A great proportion of human evils is created by ourselves.

A passion for revenge, has always been considered as the mark of a little and mean mind.

If greatness flatters our vanity, it multiplies our dangers.

To our own failings we are commonly blind.

The friendships of young persons are often founded on capricious likings.

In your youthful amusements let no unfairness be found.

Engrave on your minds this sacred.rule:

"Do unto others, as you wish that they should do unto you."

Truth and candor possess a powerful charm . they bespeak universal favor.

After the first departure from sincerity, it is seldom in our power to stop: one artifice generally leads on to another.

Temper the vivacity of youth with a proper mixture of serious thought.

The spirit of true religion is social, kind, and cheerful.

Let no compliance with the intemperate mirth of others, ever betray you into profane sallies.

In preparing for another world, we must not neglect the duties of this life.

The manner in which we employ our present time, may decide our future happiness or misery.

Happiness does not grow up of its own acoord: it is the fruit of long cultivation, and the acquisition of labor and care.

A plain understanding is often joined with great worth.

The brightest parts are sometimes found without virtue or honor.

How feeble are the attractions of the fairest form, when nothing within corresponds to them.

Piety and virtue are particularly graceful and becoming in youth.

Can we, untouched by gratitude, view that profusion of good, which the Divine Hand pours around us?

There is nothing in human life more amiable and respectable, than the character of a truly humble and benevolent man.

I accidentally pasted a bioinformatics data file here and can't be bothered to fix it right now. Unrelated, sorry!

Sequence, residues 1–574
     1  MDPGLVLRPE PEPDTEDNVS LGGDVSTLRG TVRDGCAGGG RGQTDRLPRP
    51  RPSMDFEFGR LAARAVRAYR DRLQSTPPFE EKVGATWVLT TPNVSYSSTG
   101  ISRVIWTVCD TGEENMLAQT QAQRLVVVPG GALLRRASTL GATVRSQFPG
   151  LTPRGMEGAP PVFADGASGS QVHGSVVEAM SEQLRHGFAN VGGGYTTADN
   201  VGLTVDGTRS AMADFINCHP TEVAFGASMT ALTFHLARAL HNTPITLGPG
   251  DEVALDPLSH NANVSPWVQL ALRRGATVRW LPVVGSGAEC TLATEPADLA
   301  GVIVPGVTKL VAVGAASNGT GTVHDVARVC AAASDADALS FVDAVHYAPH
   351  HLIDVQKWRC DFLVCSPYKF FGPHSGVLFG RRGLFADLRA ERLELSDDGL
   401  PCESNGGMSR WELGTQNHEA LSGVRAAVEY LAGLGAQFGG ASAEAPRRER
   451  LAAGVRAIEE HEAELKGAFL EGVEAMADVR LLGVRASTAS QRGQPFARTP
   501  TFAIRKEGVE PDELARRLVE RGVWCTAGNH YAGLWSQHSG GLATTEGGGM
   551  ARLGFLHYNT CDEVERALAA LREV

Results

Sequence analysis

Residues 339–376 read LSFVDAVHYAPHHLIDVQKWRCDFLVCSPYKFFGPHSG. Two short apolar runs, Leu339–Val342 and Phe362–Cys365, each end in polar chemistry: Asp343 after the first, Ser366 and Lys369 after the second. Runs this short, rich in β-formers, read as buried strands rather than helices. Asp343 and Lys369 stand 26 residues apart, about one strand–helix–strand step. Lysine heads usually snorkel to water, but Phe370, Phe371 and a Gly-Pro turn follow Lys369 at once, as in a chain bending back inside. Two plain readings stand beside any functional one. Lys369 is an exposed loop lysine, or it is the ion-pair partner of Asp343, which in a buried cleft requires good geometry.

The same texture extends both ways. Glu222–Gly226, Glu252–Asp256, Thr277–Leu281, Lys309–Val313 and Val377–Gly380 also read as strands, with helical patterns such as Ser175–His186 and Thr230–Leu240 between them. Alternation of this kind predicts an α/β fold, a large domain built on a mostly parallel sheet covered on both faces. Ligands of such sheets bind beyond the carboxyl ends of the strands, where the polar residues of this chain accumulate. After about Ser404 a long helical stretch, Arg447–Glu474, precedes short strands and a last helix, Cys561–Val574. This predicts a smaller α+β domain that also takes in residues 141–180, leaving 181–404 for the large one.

What feelings are more uneasy and painful, than the workings of sour and angry passions?

No man can be active in disquieting others, who does not, at the same time, disquiet himself.

A life of pleasure and dissipation is an enemy to health, fortune, and character.

To correct the spirit of discontent, let us consider how little we deserve, and how much we enjoy.

As far as happiness is to be found on earth, we must look for it, not in the world, or the things of the world; but within ourselves, in our temper, and in our heart.

Though bad men attempt to turn virtue into ridicule, they honor it at the bottom of their hearts.

Of what small moment to our real happiness, are many of those injuries which draw forth our resentment!

In the moments of eager contention, every thing is magnified and distorted in its appearance.

Multitudes in the most obscure stations, are not less eager in their petty broils, nor less tormented by their passions, than if princely honors were the prize for which they contended.

The smooth stream, the serene atmosphere, the mild zephyr, are the proper emblems of a gentle temper, and a peaceful life. Among the sons of strife all is loud and tempestuous.

EXERCISE3 IN FALSE SYNTAX.

The following Exercises, taken chiefly from the collection by Mr.. Murray, are arranged according to the rules of this Grammar, Perhaps the best mode of correcting them will be to take them as lessons in parsing.

Exercises under Rule I.

They slew Varus, he that was mentioned before.

I saw John and his sister, they who came to your house.

We must respect the good and the wise, they who endeavoured to enlighten us, and make us better.